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Opinion >  Column

Sue Lani Madsen: Every sheep needs a sheepdog, every community needs police

UPDATED: Thu., Oct. 7, 2021

Sue Lani Madsen, an architect and rancher, writes a weekly column for The Spokesman-Review.  (JESSE TINSLEY)
Sue Lani Madsen, an architect and rancher, writes a weekly column for The Spokesman-Review. (JESSE TINSLEY)

Storytelling is the oldest and most effective means of communicating abstract ideas. But stories only work when the listeners and the tellers share context. So when the Inlander ran an article with a headline screaming “Spokane cops read children’s book authored by controversial ‘Killology’ trainer to preschoolers,” it was clear the writer and those he interviewed didn’t understand the underlying analogy.

The book is “Sheepdogs: Meet Our Nation’s Warriors,” co-authored by Dave Grossman and Stephanie Rogish. It’s hard to tell if the objections were primarily to Grossman’s previous books exploring “the psychological cost of learning to kill in war and society” on our military and police officers, or to the analogy of society as consisting of sheepdogs, wolves and sheep.

Grossman uses the sheepdog, also known as a livestock guardian dog or LGD, to explain the role of police and the military in protecting and serving the community. In an author’s interview posted at personaldefensenetwork.com in January 2014, Grossman described the sheepdog’s role in society, saying, “The ultimate love is not to sacrifice your life, but to live a life of sacrifice. To place the welfare of others ahead of your own.”

This is what we as a community ask of every law enforcement officer and every military member. We respect that commitment to be ready to place the welfare of others ahead of their own lives. It’s what sheepdogs do.

Several years ago, we lost nine goats in one night to a cougar attack on a grazing project near Leavenworth, Washington. Six were dead and three missing. One goat was left wounded. Without the help of my niece, newly graduated from the Washington State University school of veterinary medicine, we would have lost 10 goats. Logan Belleque came to the rescue, treated the wounds and showed me how to follow up for the next month with dressing changes and antibiotics. We nicknamed that doe McQueen for her great escape.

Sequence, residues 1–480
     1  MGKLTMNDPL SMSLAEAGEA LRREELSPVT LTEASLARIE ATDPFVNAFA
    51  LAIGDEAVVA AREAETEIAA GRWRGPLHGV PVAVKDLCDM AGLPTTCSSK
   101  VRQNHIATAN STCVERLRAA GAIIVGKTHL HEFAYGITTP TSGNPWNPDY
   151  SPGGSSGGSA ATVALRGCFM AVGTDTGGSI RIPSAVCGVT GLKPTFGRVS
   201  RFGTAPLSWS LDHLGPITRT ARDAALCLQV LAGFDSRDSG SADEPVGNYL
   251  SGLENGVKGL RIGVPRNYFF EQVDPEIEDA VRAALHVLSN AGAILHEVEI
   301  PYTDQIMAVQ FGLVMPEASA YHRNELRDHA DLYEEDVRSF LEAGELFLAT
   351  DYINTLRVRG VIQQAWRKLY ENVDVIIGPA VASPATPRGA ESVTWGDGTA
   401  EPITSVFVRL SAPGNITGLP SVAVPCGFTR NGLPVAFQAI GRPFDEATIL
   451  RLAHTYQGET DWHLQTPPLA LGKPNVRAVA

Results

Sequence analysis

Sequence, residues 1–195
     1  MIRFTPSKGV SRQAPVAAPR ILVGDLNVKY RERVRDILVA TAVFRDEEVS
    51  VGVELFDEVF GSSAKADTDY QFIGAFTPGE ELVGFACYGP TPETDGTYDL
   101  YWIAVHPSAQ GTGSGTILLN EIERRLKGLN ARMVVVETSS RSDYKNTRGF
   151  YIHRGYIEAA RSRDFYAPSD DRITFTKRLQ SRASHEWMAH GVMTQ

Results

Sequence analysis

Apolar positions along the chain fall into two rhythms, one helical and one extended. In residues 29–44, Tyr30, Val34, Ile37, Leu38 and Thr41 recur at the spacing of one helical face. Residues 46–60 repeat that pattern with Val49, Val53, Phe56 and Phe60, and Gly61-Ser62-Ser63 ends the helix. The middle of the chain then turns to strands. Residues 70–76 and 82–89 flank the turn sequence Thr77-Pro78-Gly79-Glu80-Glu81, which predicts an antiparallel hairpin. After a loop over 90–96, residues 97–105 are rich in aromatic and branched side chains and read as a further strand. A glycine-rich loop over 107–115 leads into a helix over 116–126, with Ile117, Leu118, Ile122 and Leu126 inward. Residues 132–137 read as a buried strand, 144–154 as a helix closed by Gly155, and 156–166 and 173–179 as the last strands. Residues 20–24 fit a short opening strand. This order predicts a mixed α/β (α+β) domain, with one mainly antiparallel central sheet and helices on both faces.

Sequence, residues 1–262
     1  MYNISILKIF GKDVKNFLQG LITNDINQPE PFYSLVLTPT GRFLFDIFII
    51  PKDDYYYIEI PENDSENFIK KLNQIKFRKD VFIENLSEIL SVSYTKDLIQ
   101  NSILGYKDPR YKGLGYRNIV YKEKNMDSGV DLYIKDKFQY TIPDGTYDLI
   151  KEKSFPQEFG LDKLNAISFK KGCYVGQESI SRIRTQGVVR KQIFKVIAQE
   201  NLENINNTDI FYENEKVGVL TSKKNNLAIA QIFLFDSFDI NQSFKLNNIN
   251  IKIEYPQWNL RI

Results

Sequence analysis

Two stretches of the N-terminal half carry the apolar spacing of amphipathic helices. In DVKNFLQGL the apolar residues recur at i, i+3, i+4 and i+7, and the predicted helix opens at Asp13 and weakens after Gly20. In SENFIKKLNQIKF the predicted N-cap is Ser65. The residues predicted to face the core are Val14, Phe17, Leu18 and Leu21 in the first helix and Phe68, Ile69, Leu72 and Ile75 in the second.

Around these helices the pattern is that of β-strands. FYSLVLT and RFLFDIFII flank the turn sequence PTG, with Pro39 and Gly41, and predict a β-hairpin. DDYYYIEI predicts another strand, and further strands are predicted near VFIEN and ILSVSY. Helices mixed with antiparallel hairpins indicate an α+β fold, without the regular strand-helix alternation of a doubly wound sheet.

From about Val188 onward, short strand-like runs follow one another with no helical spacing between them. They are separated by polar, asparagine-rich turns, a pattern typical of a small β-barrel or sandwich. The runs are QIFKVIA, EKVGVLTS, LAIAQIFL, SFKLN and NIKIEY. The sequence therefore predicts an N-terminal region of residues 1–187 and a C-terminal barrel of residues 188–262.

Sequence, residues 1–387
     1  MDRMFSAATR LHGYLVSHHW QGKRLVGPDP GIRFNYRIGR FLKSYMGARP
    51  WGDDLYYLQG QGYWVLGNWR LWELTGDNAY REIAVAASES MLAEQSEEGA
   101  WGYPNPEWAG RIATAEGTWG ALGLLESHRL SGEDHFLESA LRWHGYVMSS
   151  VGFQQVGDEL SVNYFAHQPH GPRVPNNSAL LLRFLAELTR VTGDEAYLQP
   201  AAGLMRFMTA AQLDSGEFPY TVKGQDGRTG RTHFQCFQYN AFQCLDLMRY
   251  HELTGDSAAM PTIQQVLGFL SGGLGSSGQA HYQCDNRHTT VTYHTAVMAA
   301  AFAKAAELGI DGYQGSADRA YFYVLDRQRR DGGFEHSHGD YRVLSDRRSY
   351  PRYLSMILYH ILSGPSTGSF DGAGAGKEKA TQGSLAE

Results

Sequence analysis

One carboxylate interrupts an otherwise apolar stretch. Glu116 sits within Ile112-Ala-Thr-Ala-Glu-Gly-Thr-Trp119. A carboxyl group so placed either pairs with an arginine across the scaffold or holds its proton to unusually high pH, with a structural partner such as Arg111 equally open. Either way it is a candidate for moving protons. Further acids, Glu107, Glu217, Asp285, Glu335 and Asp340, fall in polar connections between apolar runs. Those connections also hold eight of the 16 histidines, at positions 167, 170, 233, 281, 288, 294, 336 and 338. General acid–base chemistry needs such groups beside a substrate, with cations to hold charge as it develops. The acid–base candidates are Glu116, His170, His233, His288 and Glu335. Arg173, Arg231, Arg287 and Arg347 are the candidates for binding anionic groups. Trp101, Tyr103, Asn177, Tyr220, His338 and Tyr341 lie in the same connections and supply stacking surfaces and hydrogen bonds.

Major wildfires had disrupted normal territories that summer for predators and prey alike. The game warden from Washington Department of Fish and Wildlife checked the “scene of the crime” and determined there had been three cougars involved, likely a mature female and two adolescent cubs displaced from their normal territory. The missing goats were presumably dinner, the other seven victims of play or practice. Big cats like to toy with their prey just like a house cat.

Two border collies sleeping in the truck had not alerted anyone, but they weren’t bred or trained for a protective instinct. Not their job. It didn’t matter to us or to McQueen that the cougars were just playing or were temporarily homeless. Our goats needed protection. The next year, we bought an Akbash/Komondor-cross LGD to travel with the herd and have added two Akbash rescue dogs at home on the ranch. We haven’t lost an animal to a predator since.

Not even the autumn night when a cougar attacked and killed our neighbors’ pigs. Not even the winter day another neighbor chased a wolf away from their cows and up the draw next to our pastures. Not this summer when Gigi treed and ultimately chased off a bear at a project near Cle Elum, Washington. Our guardian dogs don’t have to fight. Warriors protect by being ready to fight and letting the predators know it.

Sheep and goats both need protection from predators, whether they be wolves, cougars or bored teenagers making stupid decisions to toy with fences. Gigi has chased off a few of those two-legged types as well.

Watching any herd animal, including sheep, provides plenty of analogies to human behavior. There’s nothing wrong with being a sheep, as long as you are in the hands of a good shepherd. But as Grossman’s book points out, humans also have choices to be a sheepdog or wolf.

A herd of goats or a flock of sheep merely tolerate or ignore the presence of the sheepdog, until they need help. But when a predator approaches, they bunch together while the LGD inside the fence places herself between the herd and the hazard, and her partner outside the fence gives chase.

The analogy could as easily be rabbits, sheepdogs and coyotes. Before we had guardian dogs protecting the ranch headquarters, there were no rabbits. Now we have cottontail rabbits everywhere because they know a coyote-free safe zone when they see one. In the same way, people seek out the comfort of protectors.

The 23rd Psalm is familiar to many of the non-religious as well as Christians and Jews. Known as the Shepherd’s Psalm, the words “thy rod and thy staff comfort me” once were a puzzle to this city-raised kid. How could two sticks of wood be comforting? It only made sense after I found myself married to a shepherd. A staff refers to the shepherd’s crook, used for guidance and direction, while the rod is a defensive weapon against predators. The shepherd needs a rod as well as a staff. When the shepherd can’t be on guard himself, he needs a sheepdog. So does every sheep, because the wolves are out there.

Contact Sue Lani Madsen at rulingpen@gmail.com.

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